With the help of friends and the words of C.S. Lewis and Thomas Aquinas, Ryan said he returned to his faith in his mid-20s.

Takeaway #2: Ryan makes pains to emphasize his commitment to his Catholic faith.

While Ryan details his loss of faith, he details his faith too. Ryan may have been hot and cold spiritually but he has not been lukewarm. To hear Ryan tell it, Catholicism is a subject of regular discussion among him and fellow Republican politicians.

Before the Wisconsin primary on April 3, 2012, Ryan said he and eventual GOP nominee Mitt Romney got to know one another in part by discussing their spiritual lives. “We talked about faith – my Catholicism, his Mormonism,” Ryan writes.

Earlier, as a political aide to Sam Brownback, a congressman from Kansas who was campaigning for a Senate seat in 1996, Ryan notes the two Republicans discussed Catholicism regularly. Ryan drove the evangelical Brownback around the state, and he said Brownback was thinking about converting to Rome.

(H)aving a non-Catholic asking me serious questions about Church doctrine was an important responsibility. I took that seriously, and our talks became the catalyst for a deepening of my faith. At Sam’s urging, I dove a little more into the writings of C. S. Lewis. By my mid-twenties, I started attending Mass again. Sam kept searching and eventually converted to Catholicism himself.

In addition, Ryan describes growing up in an Irish-Catholic subculture in Wisconsin straight out of the 1950s. He attended St. Mary’s Elementary in Janesville, where all of the teachers were nuns, and became an altar boy.

Takeaway #3: Ryan pushes back against the idea his social vision is not rooted in Catholic teaching.

In April 2012, Bishop Stephen Blaire, the chairman of the U.S. bishops’ Committee on Domestic Justice, Peace and Human Development, denounced the 10-year blueprint for the federal budget that Ryan proposed. The bishop said it was too hard on the poor and too easy on the wealthy and military contractors. "Just solutions, however, must require shared sacrifice by all, including raising adequate revenues, eliminating unnecessary military and other spending, and fairly addressing the long-term costs of health insurance and retirement programs," Bishop Blaire wrote.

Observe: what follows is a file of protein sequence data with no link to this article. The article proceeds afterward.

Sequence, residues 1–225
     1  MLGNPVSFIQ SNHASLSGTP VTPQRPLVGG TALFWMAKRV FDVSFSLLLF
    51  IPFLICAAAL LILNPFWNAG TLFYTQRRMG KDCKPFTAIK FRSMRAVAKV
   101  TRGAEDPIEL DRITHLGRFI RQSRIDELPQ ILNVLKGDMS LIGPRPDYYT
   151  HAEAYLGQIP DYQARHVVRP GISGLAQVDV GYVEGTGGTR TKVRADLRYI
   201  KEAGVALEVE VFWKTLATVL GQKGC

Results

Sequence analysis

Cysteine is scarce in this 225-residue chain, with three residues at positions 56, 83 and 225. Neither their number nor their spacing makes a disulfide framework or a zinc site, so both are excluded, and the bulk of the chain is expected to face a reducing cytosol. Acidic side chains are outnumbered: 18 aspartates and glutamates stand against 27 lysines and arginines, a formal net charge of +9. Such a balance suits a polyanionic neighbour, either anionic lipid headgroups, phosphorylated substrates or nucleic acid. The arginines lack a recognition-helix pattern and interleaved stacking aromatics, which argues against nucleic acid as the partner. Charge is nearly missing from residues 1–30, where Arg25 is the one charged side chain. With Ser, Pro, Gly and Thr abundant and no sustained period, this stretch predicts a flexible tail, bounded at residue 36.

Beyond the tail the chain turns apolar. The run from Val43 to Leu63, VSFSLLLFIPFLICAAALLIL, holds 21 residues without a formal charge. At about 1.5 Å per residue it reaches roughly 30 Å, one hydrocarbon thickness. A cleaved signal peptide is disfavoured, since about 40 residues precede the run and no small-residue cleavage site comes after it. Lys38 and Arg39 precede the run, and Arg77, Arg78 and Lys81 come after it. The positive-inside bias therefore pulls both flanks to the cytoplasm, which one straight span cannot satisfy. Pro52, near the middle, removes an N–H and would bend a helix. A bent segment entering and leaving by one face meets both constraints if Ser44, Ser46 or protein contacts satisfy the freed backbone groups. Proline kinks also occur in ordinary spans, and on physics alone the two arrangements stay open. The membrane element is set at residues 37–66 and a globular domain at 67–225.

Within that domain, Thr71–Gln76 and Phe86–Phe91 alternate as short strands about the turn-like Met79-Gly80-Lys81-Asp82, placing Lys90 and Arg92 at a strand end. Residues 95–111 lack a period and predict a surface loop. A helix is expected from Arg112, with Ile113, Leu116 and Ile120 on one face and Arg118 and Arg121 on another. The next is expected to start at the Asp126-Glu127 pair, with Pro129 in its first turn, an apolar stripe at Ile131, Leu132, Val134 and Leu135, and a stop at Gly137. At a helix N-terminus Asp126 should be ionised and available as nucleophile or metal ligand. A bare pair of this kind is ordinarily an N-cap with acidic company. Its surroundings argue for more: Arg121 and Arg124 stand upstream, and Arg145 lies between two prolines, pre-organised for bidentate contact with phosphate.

Ryan does not mention Blaire or his words, but he goes out of his way to link his social vision to that of Catholic social thought. He argues that a “simpler, smaller, smarter” federal budget would empower mediating institutions such as churches, civic groups, and families.  A “virtuous cycle” would follow. Institutions and their leaders would be more accountable, the country’s $17 trillion deficit would be eliminated, and citizens would feel less disconnected and more energized. As he writes,

The federal government has a role to play, but it’s a supporting role, not the commanding one. Its job is to give people the resources— and the space— to thrive. Two principles of Catholic social teaching— subsidiarity and solidarity— can help show the way here. Subsidiarity is an idea that’s echoed in our federalist system. It holds that problems should be handled at the lowest level at which it’s possible to achieve a successful resolution. It’s the belief that those closest to an issue know it best. If possible, government shouldn’t assume tasks that can be better handled by families or communities or other civil society institutions— and responsibility for action should be left to the closest level of community or organization possible. If and when that doesn’t work, an issue can then be addressed at a broader level. In practice, subsidiarity counsels that the federal government support the work of anti-poverty groups and not co-opt that work or crowd it out. The principle of solidarity goes hand in hand with subsidiarity. It holds that we have a responsibility to stand together with our brothers and sisters— and there are social and moral goods that can only be gained only through the broader society.

Ryan does not say if he plans to run for president in 2016. But "The Way Forward" positions him for a run. His loss of faith may appeal to religiously unaffiliated or agnostic Americans; his resumption of faith to the religiously devout, especially among his co-religionists; and his interpretation of Catholic social teaching to fiscal conservatives.  It’s a trifecta of supporters who could come in handy.